D-backs’ new look a good one in opener
PHOENIX — For openers, the new look took.
The Diamondbacks brought a smaller, more up-tempo concept to their offense into spring training, and they carried it into the regular season with a 6-2 victory over the Cardinals on Opening Day.
Ian Kennedy shut down the Cardinals’ offense and the D-backs backed him with 15 hits, including seven doubles, in the season opener for both before 48,033 at Chase Field. They shortened their approach to attack St. Louis right-hander Adam Wainwright while also taking the extra base offensively and preventing the Cardinals from doing the same on the other side.
“This is the kind of game we want to play,” manager Kirk Gibson said. “The team was in synch tonight. Everybody picked everybody else up.”
Gerardo Parra had four hits, including three doubles, A.J. Pollock had three hits and newcomer Martin Prado also had two doubles. Jason Kubel and Aaron Hill also had two hits apiece.
“Maybe we don’t have a lot of power, but we have a lot of fast guys. It’s a great team. Very athletic. This is no surprise,” said Parra, a nice fit in the leadoff spot with a career batting average of .298 there.
“You saw a lot of doubles. We want to put the baseball in play. Nothing too much. Just continue one at-bat after another and don’t put any pressure on ourselves.”
Justin Upton might have homered in Atlanta, but Prado drove in one run and scored twice, both times using the skill set the D-backs were excited about when they acquired him in the offseason blockbuster trade.
After the D-backs took a 3-1 lead on a tiebreaking two-run double by Pollock off Wainwright in the fourth inning, Prado scored from second in the fifth after an infield single by Hill when the ball got away from first baseman Allen Craig. Prado also scored in a two-run seventh on a sacrifice fly by Miguel Montero to short/medium center field for a 6-2 lead.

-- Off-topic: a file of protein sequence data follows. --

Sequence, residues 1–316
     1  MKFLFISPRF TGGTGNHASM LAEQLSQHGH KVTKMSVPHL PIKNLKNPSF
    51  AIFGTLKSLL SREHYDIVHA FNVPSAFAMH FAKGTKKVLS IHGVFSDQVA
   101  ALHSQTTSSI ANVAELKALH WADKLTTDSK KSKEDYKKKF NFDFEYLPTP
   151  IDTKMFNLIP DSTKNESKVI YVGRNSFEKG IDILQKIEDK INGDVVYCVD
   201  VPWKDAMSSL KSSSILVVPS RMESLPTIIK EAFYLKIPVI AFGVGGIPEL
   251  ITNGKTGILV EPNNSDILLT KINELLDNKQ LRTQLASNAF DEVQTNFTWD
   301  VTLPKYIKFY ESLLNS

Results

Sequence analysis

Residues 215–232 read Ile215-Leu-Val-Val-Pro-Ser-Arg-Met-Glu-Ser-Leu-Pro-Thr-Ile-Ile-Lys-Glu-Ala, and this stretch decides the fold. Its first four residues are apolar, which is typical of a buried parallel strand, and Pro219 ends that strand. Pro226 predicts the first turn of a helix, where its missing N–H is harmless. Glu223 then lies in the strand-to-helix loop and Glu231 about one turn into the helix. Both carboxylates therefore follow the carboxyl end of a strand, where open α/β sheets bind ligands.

“That was a good, good game,” Gibson said. “A lot of things we worked on. The elements showed up in the game. The base running stuff. Guys are making the proper reads.”
First baseman Paul Goldschmidt, playing two days after signing a five-year, $32 million contract extension, singled and scored in the three-run fifth off Wainwright and made noticeable contributions on defense. He handled two one-hop throws at first base and also made an alert cutoff and relay to second base to throw out Daniel Descalso to cut short a Cardinals rally in the seventh inning that had narrowed the D-backs’ lead to 4-2.
“Those are the things we have talked about, especially that cut,” Goldschmidt said. “We had all the bases covered, and it was nice to get out of that inning
Added Gibson: “‘Goldy’ had a phenomenal game defensively. It was big. We worked on this all spring, and of course the pitching performance by Ian was awesome.”
Kennedy had the most victories in the National League the last two seasons, following a 21-4 2011 with a 15-12 2012. It might have been lost on the rest of the league, but not on those paying attention. Kennedy located his fastball well and kept all his pitches down in the zone Monday night, the key to his success in 2011, when he finished second in the NL Cy Young Award voting.
“That’s kind of the old Ian we saw a couple of years ago,” Gibson said. “Awesome. I don’t know how else to explain. He really got rolling. Had everything working. Fastball spotted well, pumped up to 94 (mph). Changeup was good. He had it all working for him.”
Kennedy threw first-pitch strikes to 23 of the 25 batters he faced, a remarkable ratio that left him at 94 pitches through seven innings. Gibson was not about to send him out for the eighth inning this early in the season, and David Hernandez and Brad Ziegler finished up with no problems.
“It makes it a lot easier on yourself when you are ahead like that,” Kennedy said.